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Iran, Hezbollah and Lebanon – No Strings Attached!

The relationship between Iran and Saudi Arabia has always been eye-catching for regional observers.

For decades observers have seen the Middle East through the prism of a Saudi-Iranian cold war. During the eight-year Iran-Iraq war, Gulf States particularly Saudi Arabia and Kuwait, lent more than $37bn to Saddam Hussein’s war effort.

According to a report by The Economist, this binary view of a “proxy war” has outlived its usefulness—because the Saudis lost. They failed to build a deep well of support in other Arab countries, settling for ineffective chequebook diplomacy with fickle politicians and warlords. Iran is undeniably the strongest foreign actor in Lebanon, Syria and Iraq.

The Saudis still fight a rearguard action in Yemen, but their six-year war against the Yemeni Ansarullah revolutionaries, has been all in vain. Diplomats from the Gulf curtly describe several Arab states as “outside the Arab fold”, The Economist report explained.

It was a victory for Iran, not to mention, for the Axis of Resistance – which according to many includes resistance factions in Lebanon, Syria, Iran and Yemen.

Lebanon, a small Middle Eastern country, has been an important outlet to Mediterranean for many Arab countries, notably Saudi Arabia. It is also home to the Lebanese resistance movement Hezbollah.

In the past year, the country has been plagued with a suffocating economic crisis. Life in Lebanon is defined by petrol queues, lengthy blackouts and growing hunger. Lebanon’s bankruptcy stems from decades of misrule by the political class.

Hezbollah, founded in the 1980s, resisted the “Israeli” entity for its occupation of south Lebanon. Many Lebanese, regardless of sect or political persuasion, saw this as a legitimate struggle. The group’s popularity soared after the “Israeli” withdrawal in 2000, and stayed high even after war with the entity in 2006, which began with the capture of two “Israeli” soldiers. Arabs of all stripes cheered it for giving the “Israeli” entity a bloody nose, a feat no Arab state had managed in decades.

The Lebanese Resistance movement has not only protected Lebanon militarily, but it has attended to the medical and social needs of the all Lebanese.

Today, with the worsening of the economic situation in Lebanon, Hezbollah and its allies promoted the notion of a resistance economy in Lebanon. In April, Hezbollah trumpeted the Sajjad card, a ration-card scheme named after the 4th Shia Imam Ali ibn Hussein Zein al-Abidin [AS] that offers discounts to participants.

However, the indignities that define life in Lebanon have not spared anyone. Pharmacy shelves are bare: expats visiting for the summer stuff their suitcases with medicines, not only prescription pills but even basics like paracetamol that are unavailable in the country. Petrol stations, if not closed, have hours-long queues that snake for blocks.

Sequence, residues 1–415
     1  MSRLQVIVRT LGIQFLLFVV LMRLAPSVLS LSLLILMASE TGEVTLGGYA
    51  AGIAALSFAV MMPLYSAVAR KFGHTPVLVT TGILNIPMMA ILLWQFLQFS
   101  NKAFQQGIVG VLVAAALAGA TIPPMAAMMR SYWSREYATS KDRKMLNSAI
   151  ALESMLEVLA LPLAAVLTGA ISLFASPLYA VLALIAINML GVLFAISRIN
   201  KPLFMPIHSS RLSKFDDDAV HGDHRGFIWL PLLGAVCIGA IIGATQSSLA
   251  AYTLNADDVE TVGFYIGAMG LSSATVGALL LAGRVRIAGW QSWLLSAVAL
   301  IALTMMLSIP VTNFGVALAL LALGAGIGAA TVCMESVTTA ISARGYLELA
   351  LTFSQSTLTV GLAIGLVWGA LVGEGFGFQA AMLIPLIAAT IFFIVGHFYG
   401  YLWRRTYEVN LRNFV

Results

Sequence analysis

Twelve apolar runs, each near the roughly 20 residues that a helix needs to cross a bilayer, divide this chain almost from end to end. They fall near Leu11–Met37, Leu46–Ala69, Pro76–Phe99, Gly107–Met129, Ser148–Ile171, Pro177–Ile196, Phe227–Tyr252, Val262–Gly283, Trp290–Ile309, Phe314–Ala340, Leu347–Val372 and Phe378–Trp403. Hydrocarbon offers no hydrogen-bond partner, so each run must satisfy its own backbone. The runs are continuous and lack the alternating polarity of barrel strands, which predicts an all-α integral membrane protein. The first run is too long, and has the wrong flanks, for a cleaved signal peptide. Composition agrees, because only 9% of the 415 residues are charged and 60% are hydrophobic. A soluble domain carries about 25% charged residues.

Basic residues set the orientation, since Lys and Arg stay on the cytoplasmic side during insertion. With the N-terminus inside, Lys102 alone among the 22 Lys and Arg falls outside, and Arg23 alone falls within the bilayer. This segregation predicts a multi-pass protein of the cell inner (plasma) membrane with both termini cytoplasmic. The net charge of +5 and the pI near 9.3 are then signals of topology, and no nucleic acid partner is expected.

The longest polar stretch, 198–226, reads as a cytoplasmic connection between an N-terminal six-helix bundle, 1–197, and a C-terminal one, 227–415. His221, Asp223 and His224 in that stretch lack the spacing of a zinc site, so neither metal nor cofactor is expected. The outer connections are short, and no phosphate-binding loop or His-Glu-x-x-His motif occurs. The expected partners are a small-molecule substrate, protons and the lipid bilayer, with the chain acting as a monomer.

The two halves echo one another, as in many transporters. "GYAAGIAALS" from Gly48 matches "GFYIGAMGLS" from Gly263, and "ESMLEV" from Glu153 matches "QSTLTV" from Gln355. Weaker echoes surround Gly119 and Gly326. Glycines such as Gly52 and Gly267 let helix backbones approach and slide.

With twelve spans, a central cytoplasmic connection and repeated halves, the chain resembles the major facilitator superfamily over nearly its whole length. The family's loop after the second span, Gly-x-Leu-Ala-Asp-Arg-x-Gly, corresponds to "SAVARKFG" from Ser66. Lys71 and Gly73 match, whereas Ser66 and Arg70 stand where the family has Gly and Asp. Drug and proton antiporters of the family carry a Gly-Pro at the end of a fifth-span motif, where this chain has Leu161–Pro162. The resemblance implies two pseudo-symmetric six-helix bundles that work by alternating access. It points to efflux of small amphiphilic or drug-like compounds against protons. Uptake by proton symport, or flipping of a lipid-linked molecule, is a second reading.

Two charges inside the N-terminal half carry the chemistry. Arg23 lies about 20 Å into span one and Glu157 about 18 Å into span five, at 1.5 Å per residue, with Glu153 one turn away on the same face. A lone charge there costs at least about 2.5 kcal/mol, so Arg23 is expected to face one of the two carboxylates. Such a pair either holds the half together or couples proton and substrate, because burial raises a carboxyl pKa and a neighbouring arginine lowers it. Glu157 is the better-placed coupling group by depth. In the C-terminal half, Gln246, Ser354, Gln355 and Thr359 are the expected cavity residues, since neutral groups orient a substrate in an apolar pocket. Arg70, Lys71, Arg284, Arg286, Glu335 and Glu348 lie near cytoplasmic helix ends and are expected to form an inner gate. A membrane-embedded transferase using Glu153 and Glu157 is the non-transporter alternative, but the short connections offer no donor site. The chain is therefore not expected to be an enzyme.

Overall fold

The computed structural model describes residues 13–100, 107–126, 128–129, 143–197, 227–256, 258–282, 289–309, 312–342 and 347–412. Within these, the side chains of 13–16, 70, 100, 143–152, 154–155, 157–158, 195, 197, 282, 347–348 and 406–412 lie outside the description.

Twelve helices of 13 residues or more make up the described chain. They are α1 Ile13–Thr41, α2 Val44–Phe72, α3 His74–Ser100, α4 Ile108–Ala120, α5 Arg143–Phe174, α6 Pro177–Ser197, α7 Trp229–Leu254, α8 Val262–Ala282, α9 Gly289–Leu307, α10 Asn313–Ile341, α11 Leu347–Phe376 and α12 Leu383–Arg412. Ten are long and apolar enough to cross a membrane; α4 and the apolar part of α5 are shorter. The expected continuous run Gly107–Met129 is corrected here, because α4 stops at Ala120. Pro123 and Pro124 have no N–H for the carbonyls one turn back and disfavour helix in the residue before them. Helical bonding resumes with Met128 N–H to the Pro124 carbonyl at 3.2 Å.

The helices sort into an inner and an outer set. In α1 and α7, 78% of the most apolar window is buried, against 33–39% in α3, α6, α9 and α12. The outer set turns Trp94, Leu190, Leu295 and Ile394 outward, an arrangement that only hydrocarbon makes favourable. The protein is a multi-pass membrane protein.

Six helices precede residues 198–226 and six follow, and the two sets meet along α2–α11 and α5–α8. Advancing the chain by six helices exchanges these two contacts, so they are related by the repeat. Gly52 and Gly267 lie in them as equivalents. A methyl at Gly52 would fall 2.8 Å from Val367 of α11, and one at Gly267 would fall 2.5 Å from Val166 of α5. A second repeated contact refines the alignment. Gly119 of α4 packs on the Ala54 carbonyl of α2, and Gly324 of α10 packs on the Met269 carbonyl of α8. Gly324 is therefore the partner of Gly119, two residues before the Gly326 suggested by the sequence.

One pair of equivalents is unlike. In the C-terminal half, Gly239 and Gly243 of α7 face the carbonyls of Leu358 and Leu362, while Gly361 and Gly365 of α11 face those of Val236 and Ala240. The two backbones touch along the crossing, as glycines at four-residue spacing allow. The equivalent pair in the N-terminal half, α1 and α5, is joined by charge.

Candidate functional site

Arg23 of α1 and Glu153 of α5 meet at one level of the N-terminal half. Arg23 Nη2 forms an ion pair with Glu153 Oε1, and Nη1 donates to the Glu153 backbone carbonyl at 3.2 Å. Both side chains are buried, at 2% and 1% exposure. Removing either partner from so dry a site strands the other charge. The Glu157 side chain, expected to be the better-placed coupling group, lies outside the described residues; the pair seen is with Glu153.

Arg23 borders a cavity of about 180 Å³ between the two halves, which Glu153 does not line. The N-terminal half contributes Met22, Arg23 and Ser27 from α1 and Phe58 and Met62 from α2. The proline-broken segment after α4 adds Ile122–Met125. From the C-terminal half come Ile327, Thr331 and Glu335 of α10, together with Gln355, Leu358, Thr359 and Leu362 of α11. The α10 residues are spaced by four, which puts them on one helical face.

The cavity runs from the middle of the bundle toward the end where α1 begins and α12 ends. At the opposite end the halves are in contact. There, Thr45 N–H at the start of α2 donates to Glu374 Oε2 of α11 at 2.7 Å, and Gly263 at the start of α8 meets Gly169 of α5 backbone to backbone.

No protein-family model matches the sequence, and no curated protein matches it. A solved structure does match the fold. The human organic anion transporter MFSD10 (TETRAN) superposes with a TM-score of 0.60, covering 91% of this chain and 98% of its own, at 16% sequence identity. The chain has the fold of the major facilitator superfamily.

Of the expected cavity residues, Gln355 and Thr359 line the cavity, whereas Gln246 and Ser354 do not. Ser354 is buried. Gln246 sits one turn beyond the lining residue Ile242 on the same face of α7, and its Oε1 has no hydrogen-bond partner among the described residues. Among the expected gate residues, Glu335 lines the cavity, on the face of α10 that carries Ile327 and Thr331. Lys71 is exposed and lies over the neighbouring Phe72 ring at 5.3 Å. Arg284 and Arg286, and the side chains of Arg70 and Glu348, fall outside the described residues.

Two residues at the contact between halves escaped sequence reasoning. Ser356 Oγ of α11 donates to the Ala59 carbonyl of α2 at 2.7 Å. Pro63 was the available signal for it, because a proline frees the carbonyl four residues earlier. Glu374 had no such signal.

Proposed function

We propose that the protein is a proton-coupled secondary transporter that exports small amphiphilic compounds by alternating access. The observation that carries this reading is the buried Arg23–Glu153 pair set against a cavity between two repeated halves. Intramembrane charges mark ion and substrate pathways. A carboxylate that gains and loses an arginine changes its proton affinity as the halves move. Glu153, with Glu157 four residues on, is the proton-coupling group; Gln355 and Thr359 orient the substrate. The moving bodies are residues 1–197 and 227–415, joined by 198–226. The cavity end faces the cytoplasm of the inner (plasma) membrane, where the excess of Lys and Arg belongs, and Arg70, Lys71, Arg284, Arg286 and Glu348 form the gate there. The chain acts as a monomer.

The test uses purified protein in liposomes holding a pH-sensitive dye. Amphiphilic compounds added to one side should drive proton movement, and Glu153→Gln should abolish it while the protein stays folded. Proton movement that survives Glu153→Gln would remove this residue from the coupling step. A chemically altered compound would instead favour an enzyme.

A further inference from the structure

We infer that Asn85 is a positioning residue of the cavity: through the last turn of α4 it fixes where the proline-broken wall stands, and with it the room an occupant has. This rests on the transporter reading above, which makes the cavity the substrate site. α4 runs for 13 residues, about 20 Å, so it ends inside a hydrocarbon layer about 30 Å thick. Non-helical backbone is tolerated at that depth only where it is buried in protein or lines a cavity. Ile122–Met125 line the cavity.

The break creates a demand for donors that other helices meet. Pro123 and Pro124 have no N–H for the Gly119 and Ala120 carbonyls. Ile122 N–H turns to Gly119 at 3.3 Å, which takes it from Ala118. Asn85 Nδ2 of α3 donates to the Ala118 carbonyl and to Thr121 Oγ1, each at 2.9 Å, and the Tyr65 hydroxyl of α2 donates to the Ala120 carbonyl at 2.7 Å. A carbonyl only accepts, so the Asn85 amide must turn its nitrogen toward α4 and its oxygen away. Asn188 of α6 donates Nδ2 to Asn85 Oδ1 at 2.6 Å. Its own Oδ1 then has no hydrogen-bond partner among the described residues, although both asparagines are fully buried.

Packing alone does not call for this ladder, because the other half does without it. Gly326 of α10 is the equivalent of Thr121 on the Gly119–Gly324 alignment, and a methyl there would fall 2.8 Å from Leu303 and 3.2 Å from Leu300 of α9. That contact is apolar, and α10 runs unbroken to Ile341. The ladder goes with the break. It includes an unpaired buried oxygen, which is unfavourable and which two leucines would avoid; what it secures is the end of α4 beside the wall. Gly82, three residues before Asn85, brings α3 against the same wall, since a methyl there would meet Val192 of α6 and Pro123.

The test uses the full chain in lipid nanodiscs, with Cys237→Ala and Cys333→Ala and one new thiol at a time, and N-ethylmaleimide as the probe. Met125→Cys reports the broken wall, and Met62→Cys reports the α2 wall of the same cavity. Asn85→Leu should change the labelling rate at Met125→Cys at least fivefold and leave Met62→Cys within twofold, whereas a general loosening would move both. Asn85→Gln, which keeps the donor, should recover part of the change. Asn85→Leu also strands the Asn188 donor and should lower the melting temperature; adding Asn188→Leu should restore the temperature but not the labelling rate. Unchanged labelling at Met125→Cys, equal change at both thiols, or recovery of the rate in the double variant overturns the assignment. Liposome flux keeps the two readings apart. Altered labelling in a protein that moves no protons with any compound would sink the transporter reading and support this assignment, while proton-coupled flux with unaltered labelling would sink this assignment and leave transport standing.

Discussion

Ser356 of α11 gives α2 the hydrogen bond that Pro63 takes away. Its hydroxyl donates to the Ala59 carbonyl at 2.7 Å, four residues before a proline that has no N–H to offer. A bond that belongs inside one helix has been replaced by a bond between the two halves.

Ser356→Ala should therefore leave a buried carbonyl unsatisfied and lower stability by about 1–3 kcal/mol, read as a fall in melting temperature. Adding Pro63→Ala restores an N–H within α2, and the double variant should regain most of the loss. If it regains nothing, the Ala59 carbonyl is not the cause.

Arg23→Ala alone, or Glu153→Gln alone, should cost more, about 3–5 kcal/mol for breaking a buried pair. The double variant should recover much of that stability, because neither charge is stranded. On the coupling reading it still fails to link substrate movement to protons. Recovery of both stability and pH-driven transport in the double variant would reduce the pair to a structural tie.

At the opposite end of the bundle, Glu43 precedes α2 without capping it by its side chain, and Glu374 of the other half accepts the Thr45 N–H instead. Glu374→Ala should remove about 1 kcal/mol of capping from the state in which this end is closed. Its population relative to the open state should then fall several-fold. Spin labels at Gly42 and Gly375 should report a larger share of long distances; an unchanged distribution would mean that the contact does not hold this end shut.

The situation has been getting even worse no thanks to the Western siege, which Hezbollah Secretary General His Eminence Sayyed Hassan Nasrallah has repeated in various speeches.

To the West, the “Israelis” and the locals, Sayyed Nasrallah offers more than empty words. In a televised speech during the 2006 “Israeli” aggression on Lebanon, the Resistance Leader told his viewers to look out to sea. Moments later a missile slammed into an “Israeli” destroyer off the coast, damaging the vessel and killing four sailors.

Sayyed Nasrallah supported peaceful anti-government demonstrations in 2019 and endorsed economic and political reform. However, His Eminence cautioned protesters from being infiltrated by a fifth column on the payroll of foreign embassies.

As for the economic crisis, Sayyed Nasrallah urged the Lebanese to bypass the Western siege and look east to Asian powers such as China, which stand ready to pour billions into Arab economies despite howls of outrage from the Americans.

Hezbollah remains the “Israeli” entity’s strongest Arab foe. Generals in Tel Aviv acknowledge that another war with the group would be painful. Aside from a few brief border skirmishes, however, it has not fought the entity in 15 years.

The Resistance Leader at various occasions reiterated the unconditioned Iranian support to the Hezbollah, Lebanon and the Lebanese. Most recently, His Eminence thanked Iran for its willingness to aid Lebanon with its oil and gas crisis. Sayyed Nasrallah further welcomed UNCONDITIONED aid from any country provided that it would ask nothing in return from Lebanon.

The first Iranian ship carrying fuel sailed last Thursday. It has been followed by a second ship days after… more ships are expected to come.

“A second ship will set sail in the next few days, and it will be followed by others,” Sayyed Nasrallah said. “We will continue this process as long as Lebanon needs it,” His Eminence said. “The aim is to help all Lebanese, [not just] Hezbollah supporters or the Shia.”

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